Not to be confused with Conospermum or Comospermum.
Comesperma ericinum
Scientific classification
Kingdom: Plantae
(unranked): Angiosperms
(unranked): Eudicots
(unranked): Rosids
Order: Fabales
Family: Polygalaceae
Genus: Comesperma

See text.

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Comesperma is a genus of shrubs, herbs and lianas in the family Polygalaceae. The genus is endemic to Australia. It was defined by the French botanist Jacques Labillardière in his 1806 work Novae Hollandiae Plantarum Specimen.[1] The genus name is derived from the Ancient Greek words come ("hair") and sperma ("seed"), and relates to the seeds bearing tufts of hair. The genus is distributed over southern Australia, particularly in the southwest of Western Australia,[2] where 19 species are found.[3] 24 species have been described.[4]

The genus was classified in the tribe Polygaleae by Swiss botanist Robert Hippolyte Chodat in 1896. It was also considered a section of the genus Bredemeyera by van Steenis in 1968.[5] This was not adopted widely, and a cladistic study based on morphology published in 1993 suggested they remain as separate genera. This analysis placed Comersperma basal to a group comprising the genera Polygala, Monnina subg. Monninopsis, Nylandtia, Muralita and Epirixanthes.[6]

They are generally small shrubs, climbers or trailing plants, with small to vestigial leaves arranged alternately on the stem. The flowers resemble those of pea-flowers, and are borne in racemes. They are generally pink through shades of purple to blue in colour, although yellow-flowered species are known.[2] Although the flowers are smaller than those of the related genus Polygala, the racemes can be showy,[7] especially of floriferous species such as Comesperma ericinum.[2]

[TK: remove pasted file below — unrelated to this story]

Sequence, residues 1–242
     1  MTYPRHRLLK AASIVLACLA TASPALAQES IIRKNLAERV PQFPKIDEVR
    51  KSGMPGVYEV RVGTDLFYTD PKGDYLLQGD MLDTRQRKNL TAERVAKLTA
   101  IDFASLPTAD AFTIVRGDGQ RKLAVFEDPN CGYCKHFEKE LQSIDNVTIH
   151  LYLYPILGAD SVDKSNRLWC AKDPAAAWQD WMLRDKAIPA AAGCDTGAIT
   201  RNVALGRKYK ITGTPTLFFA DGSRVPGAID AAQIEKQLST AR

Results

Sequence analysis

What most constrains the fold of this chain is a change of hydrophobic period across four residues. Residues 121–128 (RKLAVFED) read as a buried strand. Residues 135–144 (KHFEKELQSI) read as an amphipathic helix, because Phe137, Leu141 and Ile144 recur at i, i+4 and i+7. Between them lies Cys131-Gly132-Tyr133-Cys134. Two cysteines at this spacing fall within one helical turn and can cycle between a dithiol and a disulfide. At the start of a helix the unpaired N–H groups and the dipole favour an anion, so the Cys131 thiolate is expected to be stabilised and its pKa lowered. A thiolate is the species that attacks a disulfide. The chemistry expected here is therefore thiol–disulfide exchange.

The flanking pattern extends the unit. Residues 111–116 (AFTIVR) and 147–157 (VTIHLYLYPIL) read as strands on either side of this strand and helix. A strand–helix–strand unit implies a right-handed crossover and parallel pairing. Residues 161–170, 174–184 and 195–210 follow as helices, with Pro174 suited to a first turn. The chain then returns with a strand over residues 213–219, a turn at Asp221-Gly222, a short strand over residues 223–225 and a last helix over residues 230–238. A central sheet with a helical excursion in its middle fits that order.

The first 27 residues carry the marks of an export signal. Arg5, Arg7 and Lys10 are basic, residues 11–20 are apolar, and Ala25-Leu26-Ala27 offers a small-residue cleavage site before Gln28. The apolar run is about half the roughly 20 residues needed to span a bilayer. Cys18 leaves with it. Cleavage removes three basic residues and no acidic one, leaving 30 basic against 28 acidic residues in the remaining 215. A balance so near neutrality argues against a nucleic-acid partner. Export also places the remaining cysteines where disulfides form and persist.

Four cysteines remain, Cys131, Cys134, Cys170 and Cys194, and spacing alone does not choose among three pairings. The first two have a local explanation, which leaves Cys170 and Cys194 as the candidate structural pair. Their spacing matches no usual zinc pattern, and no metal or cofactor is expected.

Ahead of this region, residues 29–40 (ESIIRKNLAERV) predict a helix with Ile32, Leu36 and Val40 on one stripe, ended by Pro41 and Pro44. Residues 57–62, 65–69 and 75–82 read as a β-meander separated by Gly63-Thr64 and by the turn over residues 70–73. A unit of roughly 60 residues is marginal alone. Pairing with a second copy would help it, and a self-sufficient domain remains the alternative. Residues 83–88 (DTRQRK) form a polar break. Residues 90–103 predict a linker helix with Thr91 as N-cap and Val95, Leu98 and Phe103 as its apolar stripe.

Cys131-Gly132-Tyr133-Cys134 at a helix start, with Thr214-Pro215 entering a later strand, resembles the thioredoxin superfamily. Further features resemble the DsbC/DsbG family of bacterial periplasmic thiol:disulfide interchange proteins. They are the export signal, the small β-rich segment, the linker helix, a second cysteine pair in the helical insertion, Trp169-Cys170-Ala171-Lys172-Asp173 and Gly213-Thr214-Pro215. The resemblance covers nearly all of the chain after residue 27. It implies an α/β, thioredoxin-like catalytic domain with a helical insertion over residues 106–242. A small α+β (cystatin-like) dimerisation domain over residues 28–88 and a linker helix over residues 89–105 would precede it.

Comesperma ericinum and C. volubile are sometimes seen in cultivation.[2]



  1. "Comesperma Labill.". Australian Plant Name Index (APNI), IBIS database. Centre for Plant Biodiversity Research, Australian Government.
  2. 1 2 3 4 Elliot RW, Jones DL, Blake T (1984). Encyclopaedia of Australian Plants Suitable for Cultivation:Volume 3 - Ce-Er. Port Melbourne: Lothian Press. p. 60. ISBN 0-85091-167-2.
  3. Margaret G. Corrick; Bruce Fuhrer (2009). Wildflowers of Southern Western Australia. Kenthurst, New South Wales: Rosenberg Publishing. p. 152. ISBN 1-877058-84-X.
  4. "Comesperma". PlantNET - New South Wales Flora Online. Royal Botanic Gardens & Domain Trust. Retrieved 2007-10-08.
  5. Steenis, C. G. van (1968). "Notes on Bredemeyera (Comesperma) with a new Papuan Species and the Australian species listed (PolygaIaceae)". Acta Botanica Neerlandica. 17 (5): 377–84.
  6. Eriksen, Bente (1993). "Floral anatomy and morphology in the Polygalaceae". Plant Systematics and Evolution. 186 (1-2): 33–55. doi:10.1007/bf00937712.
  7. Fairley A, Moore P (2000). Native Plants of the Sydney District: An Identification Guide (2nd ed.). Kenthurst, NSW: Kangaroo Press. p. 245. ISBN 0-7318-1031-7.
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